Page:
COMET RESOURCE CENTER
CURRENTLY OBSERVABLE COMETS
|Last updated: April 3, 2020
This page will list all the comets that I am currently observing, in west-to-east order from low in the western evening sky to low in the eastern morning sky. It will provide brief information about a comet's location, motion, and current brightness at the time of the update, as well as, when appropriate, notes about potential future activity. The page will also list any asteroidal objects I am following that might potentially be comets, and for the benefit of comet observers in the southern hemisphere it will also list those comets (and other objects) that are bright enough for observation but that are not accessible from the northern hemisphere. Comets (and other objects) that are expected to be 9th magnitude or brighter (and that are also easily accessible for observation) at the time of the given update will be highlighted in red print. Orbital elements and ephemerides for the comets and other objects listed here can be obtained via the Minor Planet Center's Ephemeris Service or via JPL Horizons. I expect to update this page on approximately a bi-weekly basis.
Comet PANSTARRS C/2017 T2 (no. 667)
Now just a month away from perihelion passage, this comet appears to have brightened slightly during recent weeks, appearing near magnitude 9 1/2 during my most recent observations. It is in northern circumpolar skies, being presently located in northeastern Cassiopeia 4 1/2 degrees northeast of the star Iota Cassiopeiae and traveling towards the northeast at 25 arcminutes per day; over the next few weeks it turns more easterly and accelerates, to 40 arcminutes per day by the end of April, and meanwhile crosses into Camelopardalis on April 10 and reaches a maximum northerly declination of +76.4 degrees on May 3. Since in addition to approaching perihelion the comet is also now coming closer to Earth, it may brighten slightly further over the next few weeks.
Comet ATLAS C/2019 Y4 (no. 673)
Following the dramatic rise in brightness this comet exhibited between late February and mid-March, this comet has slowed its brightness increase during the recent past, although it is still brightening; I measured it as being near magnitude 8.5, with a large diffuse coma 12 arcminutes in diameter, when I last observed it a little under a week ago. It is in northern circumpolar skies, being presently located in southeastern Camelopardalis four degrees east-northeast of the star 42 Camelopardalis and -- having just passed through its most northerly declination of +68.6 degrees a few days ago -- is now traveling towards the west-southwest at approximately 40 arcminutes per day; it passes 25 arcminutes south of that star on April 10 and drops south of declination +60 degrees on May 1, at which time it will be located two degrees east-southeast of the star Beta Camelopardalis. With its recent slowdown in brightening -- which is not especially surprising -- predictions for the comet's future behavior are somewhat problematical, but unless something bizarre happens I would expect it to continue brightening, and it conceivably could be close to naked-eye brightness by the end of April.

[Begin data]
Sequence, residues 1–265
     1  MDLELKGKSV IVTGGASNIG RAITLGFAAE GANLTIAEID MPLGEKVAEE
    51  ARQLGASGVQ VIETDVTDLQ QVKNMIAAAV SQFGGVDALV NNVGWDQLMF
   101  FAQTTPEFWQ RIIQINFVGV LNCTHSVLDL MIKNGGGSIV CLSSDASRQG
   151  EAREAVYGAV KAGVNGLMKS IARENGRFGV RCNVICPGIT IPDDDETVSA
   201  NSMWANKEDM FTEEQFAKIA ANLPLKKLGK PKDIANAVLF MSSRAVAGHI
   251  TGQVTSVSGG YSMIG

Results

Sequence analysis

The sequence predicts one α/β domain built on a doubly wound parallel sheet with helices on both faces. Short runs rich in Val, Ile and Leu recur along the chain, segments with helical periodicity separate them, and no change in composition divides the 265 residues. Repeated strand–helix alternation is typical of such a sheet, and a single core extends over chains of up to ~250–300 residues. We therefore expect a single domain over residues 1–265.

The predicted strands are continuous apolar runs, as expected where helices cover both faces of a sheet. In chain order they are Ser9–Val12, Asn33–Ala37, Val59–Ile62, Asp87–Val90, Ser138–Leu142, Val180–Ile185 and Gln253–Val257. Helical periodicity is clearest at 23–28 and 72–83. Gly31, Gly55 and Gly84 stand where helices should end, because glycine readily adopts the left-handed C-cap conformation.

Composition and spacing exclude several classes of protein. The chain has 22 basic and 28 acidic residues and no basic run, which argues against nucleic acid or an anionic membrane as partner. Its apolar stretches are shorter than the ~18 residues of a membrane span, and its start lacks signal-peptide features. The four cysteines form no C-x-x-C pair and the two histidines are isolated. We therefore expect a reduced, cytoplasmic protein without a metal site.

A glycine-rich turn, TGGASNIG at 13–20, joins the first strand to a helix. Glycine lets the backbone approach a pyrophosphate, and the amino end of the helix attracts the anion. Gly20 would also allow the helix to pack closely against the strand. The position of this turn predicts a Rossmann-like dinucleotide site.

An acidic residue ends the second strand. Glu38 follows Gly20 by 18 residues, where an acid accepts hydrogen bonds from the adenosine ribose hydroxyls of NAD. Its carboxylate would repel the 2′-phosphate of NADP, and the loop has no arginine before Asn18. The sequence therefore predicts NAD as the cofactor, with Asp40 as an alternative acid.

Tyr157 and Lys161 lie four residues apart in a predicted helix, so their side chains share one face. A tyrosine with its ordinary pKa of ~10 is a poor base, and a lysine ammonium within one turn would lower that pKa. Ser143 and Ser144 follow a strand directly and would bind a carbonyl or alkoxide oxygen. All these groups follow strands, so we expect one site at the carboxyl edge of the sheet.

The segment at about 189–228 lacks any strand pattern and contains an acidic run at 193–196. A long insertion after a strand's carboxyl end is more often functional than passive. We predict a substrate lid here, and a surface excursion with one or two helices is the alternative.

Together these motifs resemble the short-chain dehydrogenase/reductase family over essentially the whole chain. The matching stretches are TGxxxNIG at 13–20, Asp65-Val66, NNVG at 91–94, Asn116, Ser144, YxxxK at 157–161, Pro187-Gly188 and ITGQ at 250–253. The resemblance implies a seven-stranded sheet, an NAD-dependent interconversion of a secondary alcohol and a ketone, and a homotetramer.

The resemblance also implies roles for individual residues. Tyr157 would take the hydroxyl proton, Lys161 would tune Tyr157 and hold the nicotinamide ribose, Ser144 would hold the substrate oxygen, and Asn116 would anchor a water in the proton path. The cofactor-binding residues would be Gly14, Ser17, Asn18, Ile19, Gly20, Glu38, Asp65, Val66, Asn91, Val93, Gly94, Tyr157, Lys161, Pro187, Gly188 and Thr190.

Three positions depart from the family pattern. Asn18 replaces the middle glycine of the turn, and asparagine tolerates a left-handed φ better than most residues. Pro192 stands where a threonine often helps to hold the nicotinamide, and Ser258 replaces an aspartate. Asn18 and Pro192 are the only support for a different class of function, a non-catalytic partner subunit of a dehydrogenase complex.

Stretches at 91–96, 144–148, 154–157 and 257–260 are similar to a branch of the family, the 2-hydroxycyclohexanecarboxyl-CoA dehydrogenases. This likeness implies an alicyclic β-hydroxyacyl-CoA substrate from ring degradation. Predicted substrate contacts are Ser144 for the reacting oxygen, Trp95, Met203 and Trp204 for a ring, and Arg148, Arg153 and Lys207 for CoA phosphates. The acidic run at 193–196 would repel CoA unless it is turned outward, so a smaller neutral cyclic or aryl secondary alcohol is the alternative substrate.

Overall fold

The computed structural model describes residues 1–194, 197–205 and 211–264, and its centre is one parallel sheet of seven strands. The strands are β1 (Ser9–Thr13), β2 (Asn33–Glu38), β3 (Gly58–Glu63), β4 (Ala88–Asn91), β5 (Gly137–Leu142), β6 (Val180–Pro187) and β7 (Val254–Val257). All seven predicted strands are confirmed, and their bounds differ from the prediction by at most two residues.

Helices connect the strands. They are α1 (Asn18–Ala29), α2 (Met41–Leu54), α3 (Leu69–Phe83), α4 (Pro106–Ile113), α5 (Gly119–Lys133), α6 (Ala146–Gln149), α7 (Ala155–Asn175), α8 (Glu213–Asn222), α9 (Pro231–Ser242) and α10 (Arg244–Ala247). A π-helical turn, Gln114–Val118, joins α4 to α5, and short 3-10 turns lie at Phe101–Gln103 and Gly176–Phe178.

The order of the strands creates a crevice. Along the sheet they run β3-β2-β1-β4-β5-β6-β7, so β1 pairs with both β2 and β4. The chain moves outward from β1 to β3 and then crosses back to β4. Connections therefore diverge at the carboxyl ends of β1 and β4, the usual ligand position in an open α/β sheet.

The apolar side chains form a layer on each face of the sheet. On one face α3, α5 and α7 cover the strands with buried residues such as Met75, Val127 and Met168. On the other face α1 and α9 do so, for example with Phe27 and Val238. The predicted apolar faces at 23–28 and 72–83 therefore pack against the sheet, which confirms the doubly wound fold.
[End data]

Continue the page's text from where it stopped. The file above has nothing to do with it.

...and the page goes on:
Comet ATLAS C/2019 Y1 (no. 671)
Having passed through perihelion in mid-March and then being in conjunction with the sun (36 degrees north of it) a week later, this comet is now a morning-sky object and is visible low in the northeastern sky before dawn. Although I believed there was a reasonable possibility it might start to disintegrate, thus far it has held its own rather well, and it appeared as a moderately condensed object of 9th magnitude when I observed it yesterday morning. At present it is located in southern Cassiopeia three degrees west of the star Xi Cassiopeiae and is traveling towards the north-northeast at slightly over one degree per day; within a week it enters northern circumpolar skies and in the meantime its motion turns more easterly and accelerates as it reaches its minimum distance from Earth (1.09 AU) in early May, at which time it will be traveling at just over 1 1/2 degrees per day. During the next few weeks the comet passes just over one degree northwest of the star Alpha Cassiopeiae on April 10, crosses into Cepheus on April 26 (at which time it is again in conjunction with the sun, 64 degrees north of it), passes north of declination +80 degrees two days later, and reaches a maximum northerly declination of +82.8 degrees on May 2. Its future brightness behavior is difficult to predict; it may continue to hold its own and thus likely fade gradually over the coming weeks, or it may start to disintegrate and thus begin a rapid fading and diffusing out at some point. Time will tell.
SOUTHERN HEMISPHERE ONLY
Comet Lemmon C/2019 U6 (no. 674)
My tally's most recent addition is now no longer accessible from my location, however observers in the southern hemisphere should continue to be able following it at it approaches perihelion, until such time that I can finally (presumably) observe it again in late June. It is currently located in eastern Eridanus five degrees east of the star Tau-9 Eridani and is traveling slightly northward of due east at approximately 20 arcminutes per day; it crosses into southwestern Lepus on April 23 and passes directly over the star Epsilon Leporis five days later. The comet appeared as a vague, diffuse object of magnitude 12 1/2 when I last saw it a little over a week ago, and it should continue brightening over the coming weeks as it approaches the earth and the sun.
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